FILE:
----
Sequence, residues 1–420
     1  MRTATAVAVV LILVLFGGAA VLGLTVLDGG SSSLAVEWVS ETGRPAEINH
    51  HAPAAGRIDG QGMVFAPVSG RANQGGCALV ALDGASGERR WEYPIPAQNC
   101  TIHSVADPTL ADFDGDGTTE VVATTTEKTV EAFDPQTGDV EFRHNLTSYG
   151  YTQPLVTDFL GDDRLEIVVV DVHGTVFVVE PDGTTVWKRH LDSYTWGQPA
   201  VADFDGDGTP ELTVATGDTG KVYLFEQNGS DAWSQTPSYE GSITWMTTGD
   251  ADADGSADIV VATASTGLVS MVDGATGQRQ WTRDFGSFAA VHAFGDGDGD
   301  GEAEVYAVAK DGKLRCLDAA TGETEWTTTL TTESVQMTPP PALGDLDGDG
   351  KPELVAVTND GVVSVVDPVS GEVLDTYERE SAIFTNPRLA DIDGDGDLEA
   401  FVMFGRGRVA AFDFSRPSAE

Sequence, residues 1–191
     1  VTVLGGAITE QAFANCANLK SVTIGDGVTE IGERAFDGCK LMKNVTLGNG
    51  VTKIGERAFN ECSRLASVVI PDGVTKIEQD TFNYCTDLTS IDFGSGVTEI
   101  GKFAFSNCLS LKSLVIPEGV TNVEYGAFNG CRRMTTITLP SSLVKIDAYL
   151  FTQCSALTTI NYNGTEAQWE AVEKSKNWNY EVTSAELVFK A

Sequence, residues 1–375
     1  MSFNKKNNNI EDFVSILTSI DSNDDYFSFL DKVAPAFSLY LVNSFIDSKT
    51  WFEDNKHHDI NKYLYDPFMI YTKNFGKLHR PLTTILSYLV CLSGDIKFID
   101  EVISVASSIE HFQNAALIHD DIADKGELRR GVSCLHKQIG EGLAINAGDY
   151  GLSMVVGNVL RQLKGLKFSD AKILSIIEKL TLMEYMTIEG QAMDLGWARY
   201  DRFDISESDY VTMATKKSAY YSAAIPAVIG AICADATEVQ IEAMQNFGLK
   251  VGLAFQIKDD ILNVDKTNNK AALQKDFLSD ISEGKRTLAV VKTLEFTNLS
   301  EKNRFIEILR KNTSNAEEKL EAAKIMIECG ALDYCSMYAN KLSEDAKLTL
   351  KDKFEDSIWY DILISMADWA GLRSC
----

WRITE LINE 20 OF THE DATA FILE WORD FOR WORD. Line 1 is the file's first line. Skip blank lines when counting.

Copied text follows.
   151  GLSMVVGNVL RQLKGLKFSD AKILSIIEKL TLMEYMTIEG QAMDLGWARY